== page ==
Organizations can lessen the skills gap by training current employees, hiring for soft skills, and removing limitations from the hiring process.
By Tara Tapper
Tech companies have been grappling with the impact of The Great Resignation. As skilled employees jump to new opportunities, employers are left to deal with the skills gap, where the needs of an organization don’t match with what employees can actually do. The skills gap is found at all levels of an organization, including the C-Suite, and it will cause 85 million jobs to go unfilled and $8.5 trillion of unrealized annual revenues by 2030.
With the recent news of rescinded offers and layoffs in the tech industry, the skills gap is continuing to widen. And as the labor market remains inconsistent, employers need to reassess the way they look at their current employees and candidates to close the skills gap in their organizations.
Invest in Current Employees
The best way to shorten the skills gap is to prevent it from happening in the first place by ensuring that existing employees feel supported. Only about 34% of employees feel that their current company supports their professional growth and development.
It’s important to provide professional development and educational opportunities for all departments and levels. For example, as the digital transformation evolves and companies become more digitally native, everyone should receive training on IT, technology, cloud services, and more. This training should also continue as employees grow within the organization, as confirmed by a recent UK survey that found 66% of senior leaders felt training should continue throughout their career.
It’s also important to invest in creating the ideal candidate. Not all candidates start off in the industry employers are hiring for. By providing professional development and educational opportunities for those candidates who are interested, companies remove the barriers to access training and education programs and create potential candidates. Many organizations have developed their own training programs to provide knowledge and skills access to underrepresented communities that would normally not have access to tech training.
Closing the skills gap means being an active part of the solution. Therefore, leaders must reassess professional development programs and ensure they upskill and up-level current employees while providing opportunities for potential candidates.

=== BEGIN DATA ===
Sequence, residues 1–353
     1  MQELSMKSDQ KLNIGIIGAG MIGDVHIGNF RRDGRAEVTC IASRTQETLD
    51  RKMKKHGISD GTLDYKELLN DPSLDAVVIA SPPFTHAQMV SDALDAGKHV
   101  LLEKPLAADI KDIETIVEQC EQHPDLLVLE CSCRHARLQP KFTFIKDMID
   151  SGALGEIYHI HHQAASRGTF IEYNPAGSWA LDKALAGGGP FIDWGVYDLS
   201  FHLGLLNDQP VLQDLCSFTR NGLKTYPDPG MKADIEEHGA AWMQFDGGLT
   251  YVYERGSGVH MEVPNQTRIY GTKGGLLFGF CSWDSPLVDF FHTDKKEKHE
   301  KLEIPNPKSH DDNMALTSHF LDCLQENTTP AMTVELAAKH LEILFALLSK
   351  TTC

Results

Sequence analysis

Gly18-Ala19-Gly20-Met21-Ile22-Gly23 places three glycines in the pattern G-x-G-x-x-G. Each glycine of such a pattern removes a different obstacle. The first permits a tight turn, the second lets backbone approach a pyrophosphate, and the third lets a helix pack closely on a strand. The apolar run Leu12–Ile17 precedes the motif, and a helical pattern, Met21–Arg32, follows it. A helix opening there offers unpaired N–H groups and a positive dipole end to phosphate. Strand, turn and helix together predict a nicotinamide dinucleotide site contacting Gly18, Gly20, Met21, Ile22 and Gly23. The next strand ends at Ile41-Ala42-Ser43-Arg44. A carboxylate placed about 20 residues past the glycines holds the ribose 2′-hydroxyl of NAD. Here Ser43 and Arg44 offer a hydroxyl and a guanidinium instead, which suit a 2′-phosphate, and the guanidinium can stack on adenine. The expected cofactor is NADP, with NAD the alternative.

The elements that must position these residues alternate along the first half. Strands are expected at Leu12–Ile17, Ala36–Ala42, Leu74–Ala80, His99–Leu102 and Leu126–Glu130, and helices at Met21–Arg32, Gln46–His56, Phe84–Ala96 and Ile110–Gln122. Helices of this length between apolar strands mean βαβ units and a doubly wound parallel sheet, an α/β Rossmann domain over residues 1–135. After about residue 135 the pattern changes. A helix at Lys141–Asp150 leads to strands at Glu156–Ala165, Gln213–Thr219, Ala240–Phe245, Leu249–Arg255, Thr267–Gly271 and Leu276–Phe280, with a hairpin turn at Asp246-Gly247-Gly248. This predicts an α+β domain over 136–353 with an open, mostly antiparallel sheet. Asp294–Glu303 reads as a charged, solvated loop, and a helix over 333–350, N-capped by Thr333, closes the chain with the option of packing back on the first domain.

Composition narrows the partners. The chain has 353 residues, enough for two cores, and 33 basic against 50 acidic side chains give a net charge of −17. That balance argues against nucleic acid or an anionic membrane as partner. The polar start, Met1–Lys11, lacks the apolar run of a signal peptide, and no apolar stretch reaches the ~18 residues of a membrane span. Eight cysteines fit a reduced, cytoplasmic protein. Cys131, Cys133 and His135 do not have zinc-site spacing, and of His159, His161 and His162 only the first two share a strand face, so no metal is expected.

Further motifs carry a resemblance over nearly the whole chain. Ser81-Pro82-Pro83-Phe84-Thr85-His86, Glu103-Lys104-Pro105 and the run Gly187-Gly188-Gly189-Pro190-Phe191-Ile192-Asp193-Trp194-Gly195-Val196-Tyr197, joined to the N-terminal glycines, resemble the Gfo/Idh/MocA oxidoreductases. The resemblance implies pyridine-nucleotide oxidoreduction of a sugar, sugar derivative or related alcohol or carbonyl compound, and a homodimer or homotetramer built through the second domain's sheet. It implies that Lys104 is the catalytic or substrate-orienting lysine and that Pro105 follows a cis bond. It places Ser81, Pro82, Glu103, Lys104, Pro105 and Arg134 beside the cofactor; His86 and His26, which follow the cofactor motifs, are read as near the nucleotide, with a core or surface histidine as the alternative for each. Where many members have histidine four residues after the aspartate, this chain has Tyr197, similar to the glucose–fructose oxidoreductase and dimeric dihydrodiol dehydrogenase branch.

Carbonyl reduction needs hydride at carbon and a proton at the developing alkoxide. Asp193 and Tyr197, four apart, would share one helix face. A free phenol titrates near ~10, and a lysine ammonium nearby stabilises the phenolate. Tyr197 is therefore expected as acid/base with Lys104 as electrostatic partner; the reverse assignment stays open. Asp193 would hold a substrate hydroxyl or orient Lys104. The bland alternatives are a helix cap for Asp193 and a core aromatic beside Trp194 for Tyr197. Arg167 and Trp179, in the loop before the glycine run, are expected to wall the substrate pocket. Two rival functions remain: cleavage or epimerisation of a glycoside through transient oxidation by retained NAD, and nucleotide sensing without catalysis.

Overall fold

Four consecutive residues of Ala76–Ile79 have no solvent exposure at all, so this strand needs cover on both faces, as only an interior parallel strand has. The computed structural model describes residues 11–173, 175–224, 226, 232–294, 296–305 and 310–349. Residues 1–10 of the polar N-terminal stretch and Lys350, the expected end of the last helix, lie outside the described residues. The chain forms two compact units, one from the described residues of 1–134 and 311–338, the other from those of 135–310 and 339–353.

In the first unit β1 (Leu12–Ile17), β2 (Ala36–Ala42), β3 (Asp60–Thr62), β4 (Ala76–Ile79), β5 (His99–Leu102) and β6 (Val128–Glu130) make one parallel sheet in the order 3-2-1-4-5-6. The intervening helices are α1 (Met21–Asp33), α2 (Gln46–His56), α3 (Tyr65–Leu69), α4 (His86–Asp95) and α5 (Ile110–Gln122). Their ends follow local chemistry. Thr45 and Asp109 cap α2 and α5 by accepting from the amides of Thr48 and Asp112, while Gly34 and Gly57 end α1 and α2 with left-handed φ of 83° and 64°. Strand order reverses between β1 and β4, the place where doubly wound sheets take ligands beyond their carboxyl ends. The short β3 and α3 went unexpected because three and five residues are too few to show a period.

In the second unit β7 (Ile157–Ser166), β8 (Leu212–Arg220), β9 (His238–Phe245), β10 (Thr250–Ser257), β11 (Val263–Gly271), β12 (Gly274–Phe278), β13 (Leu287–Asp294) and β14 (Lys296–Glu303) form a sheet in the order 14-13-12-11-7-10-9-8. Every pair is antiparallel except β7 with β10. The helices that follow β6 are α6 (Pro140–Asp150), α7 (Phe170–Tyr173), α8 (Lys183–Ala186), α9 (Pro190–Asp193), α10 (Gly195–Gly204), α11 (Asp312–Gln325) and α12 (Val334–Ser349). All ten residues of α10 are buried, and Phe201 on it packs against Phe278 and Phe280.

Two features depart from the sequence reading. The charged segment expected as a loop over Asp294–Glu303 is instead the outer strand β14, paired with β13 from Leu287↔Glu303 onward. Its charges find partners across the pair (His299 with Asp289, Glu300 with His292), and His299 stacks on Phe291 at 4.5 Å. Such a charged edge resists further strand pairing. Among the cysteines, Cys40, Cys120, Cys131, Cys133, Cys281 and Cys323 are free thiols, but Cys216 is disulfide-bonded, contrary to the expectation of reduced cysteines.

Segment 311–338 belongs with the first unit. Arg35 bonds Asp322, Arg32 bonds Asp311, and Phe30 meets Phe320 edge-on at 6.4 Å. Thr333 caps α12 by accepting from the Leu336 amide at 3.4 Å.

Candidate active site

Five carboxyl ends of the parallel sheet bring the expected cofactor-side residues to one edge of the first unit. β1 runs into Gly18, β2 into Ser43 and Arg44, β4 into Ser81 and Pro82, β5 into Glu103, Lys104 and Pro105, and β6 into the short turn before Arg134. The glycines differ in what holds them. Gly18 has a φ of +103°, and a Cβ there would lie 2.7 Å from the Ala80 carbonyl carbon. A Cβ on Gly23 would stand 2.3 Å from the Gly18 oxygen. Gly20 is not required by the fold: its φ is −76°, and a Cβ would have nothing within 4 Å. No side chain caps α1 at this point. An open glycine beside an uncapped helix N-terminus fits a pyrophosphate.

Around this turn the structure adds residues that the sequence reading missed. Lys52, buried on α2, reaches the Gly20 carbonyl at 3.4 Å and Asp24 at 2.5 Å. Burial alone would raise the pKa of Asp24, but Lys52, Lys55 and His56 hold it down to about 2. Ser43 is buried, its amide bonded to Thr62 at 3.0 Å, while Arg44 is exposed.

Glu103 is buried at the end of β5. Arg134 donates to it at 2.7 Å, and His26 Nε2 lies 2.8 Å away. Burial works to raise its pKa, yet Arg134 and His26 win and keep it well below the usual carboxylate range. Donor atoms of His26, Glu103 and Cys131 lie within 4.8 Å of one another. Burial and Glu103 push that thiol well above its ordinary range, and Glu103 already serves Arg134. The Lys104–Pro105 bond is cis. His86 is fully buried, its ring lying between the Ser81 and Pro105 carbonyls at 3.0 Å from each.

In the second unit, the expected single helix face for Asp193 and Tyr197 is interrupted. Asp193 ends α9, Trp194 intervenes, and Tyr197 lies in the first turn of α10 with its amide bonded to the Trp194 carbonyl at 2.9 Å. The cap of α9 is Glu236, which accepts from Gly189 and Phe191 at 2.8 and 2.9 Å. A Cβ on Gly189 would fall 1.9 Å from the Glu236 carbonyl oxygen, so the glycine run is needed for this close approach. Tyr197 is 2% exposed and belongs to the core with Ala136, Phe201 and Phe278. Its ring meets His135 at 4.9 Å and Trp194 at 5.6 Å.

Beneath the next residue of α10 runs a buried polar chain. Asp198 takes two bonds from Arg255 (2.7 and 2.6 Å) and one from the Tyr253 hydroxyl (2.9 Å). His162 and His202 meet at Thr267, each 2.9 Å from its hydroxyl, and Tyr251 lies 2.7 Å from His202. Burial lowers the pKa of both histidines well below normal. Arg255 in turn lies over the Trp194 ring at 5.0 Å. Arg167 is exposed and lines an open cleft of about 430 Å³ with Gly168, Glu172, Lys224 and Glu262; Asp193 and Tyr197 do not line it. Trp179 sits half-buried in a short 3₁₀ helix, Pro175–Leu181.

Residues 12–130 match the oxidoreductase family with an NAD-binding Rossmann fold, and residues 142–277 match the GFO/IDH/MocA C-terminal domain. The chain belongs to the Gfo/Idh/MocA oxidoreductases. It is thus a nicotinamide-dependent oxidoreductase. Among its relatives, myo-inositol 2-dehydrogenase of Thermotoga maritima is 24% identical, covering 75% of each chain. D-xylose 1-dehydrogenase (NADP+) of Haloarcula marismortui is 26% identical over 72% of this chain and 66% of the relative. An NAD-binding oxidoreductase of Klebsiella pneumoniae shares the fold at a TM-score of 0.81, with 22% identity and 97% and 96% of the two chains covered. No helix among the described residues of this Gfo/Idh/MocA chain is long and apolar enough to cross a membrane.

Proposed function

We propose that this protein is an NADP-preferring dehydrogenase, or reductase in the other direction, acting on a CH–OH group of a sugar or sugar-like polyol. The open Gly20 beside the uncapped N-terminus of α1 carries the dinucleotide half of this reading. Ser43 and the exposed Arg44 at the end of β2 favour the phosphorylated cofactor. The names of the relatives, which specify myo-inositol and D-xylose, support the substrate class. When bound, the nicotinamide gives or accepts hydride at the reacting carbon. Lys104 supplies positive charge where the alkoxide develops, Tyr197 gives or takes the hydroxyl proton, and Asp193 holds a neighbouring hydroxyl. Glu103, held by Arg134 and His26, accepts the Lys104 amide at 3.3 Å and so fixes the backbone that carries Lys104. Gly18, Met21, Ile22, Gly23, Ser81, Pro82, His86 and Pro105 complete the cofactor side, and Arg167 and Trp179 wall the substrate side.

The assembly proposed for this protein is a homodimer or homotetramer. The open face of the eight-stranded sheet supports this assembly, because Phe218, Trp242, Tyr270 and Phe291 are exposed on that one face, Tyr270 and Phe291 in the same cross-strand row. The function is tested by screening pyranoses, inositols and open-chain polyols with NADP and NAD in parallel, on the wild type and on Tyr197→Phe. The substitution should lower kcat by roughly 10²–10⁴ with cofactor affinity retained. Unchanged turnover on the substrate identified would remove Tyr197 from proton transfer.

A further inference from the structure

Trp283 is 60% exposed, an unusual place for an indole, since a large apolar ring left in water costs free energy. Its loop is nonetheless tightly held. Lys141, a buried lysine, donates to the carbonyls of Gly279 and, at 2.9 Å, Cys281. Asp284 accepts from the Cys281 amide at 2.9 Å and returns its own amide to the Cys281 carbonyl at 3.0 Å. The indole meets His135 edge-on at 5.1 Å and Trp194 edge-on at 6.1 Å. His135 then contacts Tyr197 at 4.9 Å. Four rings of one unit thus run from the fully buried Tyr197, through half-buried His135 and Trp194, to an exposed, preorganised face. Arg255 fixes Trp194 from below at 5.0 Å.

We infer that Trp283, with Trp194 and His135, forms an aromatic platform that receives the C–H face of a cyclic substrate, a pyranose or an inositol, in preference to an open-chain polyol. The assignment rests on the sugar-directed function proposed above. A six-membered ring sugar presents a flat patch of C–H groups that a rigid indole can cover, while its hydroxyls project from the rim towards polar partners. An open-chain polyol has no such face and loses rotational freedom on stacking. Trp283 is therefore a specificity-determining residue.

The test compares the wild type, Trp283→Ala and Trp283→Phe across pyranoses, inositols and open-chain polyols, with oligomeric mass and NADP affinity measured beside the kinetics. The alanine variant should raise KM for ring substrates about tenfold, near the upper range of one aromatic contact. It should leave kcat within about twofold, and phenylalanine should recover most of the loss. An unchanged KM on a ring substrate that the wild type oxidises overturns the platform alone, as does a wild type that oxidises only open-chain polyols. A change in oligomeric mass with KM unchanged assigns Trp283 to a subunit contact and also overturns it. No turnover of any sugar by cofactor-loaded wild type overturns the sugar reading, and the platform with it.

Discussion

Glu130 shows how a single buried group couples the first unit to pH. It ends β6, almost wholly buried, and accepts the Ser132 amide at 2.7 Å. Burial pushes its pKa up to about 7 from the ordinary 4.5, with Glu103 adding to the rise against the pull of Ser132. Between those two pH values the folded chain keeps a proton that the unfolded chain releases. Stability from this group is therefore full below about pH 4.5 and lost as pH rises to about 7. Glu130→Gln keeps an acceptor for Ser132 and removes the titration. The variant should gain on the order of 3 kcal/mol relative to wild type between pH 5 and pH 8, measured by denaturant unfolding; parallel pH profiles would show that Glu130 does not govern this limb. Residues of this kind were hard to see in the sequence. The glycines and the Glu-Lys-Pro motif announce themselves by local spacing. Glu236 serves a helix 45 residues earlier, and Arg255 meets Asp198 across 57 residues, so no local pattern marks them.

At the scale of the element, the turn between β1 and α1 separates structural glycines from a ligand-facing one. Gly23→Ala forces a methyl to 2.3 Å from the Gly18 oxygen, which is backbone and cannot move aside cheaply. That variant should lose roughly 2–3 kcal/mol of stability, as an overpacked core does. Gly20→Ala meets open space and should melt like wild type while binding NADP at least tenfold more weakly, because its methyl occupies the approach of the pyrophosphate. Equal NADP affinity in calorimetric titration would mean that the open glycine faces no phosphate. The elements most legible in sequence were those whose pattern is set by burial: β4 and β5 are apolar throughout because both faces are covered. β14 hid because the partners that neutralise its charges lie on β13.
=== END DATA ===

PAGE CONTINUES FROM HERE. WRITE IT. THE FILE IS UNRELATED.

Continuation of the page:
Hire for Motivation and Mindset
Hiring diverse candidates can help close the skills gap, especially in industries like tech. However, many employers focus on a strict set of skills when hiring, which can limit the number of candidates in the pipeline. When employers create barriers to entry, they prevent potential candidates from being considered for necessary roles.
In tech, referrals and networking can put a candidate in front of the right recruiter. But not all candidates have the networks or skills necessary for this, which in turn means their resumes won’t even make it past the front door. This also creates a non-diverse environment since the majority of candidates who may not have access to connections, or the training required to get these skills may come from an underrepresented group. In tech, for example, Black and Hispanic/Latino workers only make up 7% and 8% of the workforce, respectively
Instead of looking at candidates who already have wide networks or already have hard skills, employers should focus on hiring those who have adjacent skill sets and have the potential and ability to grow within the organization. Soft skills, like communication, teamwork, and problem-solving, are hard to teach yet 73% of employers cite them as most important when hiring.
Organizations should look at candidates holistically. They may not have tech skills, but if they have the necessary soft skills and the drive to learn, they can be trained to acquire the hard skills.
Don’t Overcomplicate Search Efforts
The skills gap is also a self-inflicted problem. Most employers overcomplicate the recruitment process by asking for unnecessary requirements from the get-go. This is even more prevalent in the tech industry where positions have an exorbitant amount of requirements and call for the ability to manage niche technologies.
By complicating the process, employers open the door for candidates to self-select out of the process. This means employers are missing out on highly qualified individuals, including underrepresented candidates like women, who typically won’t apply to positions unless they feel 100% qualified.
This complication continues with the interview process itself, given the average interview process takes 23.7 days. Lengthy interviews can cause an additional barrier of entry for underrepresented communities who may not have the time or resources to tackle a complicated recruitment process.
Companies should also take a look at their recruitment and career pages and see if there is any language that may be turning away valuable candidates. It’s easy to declutter the requirements and focus on the skills that are truly essential to the job. And the same thing for the interview process: Is there a way to streamline the process to gather the information needed without scaring potentially good candidates away?
The skills gap is a major challenge for employers, but by investing in current and future employees, hiring for soft skills, and removing complications from the hiring process, organizations can mind the gap.
Tara Tapper is chief people officer for Cloudreach, an Atos Company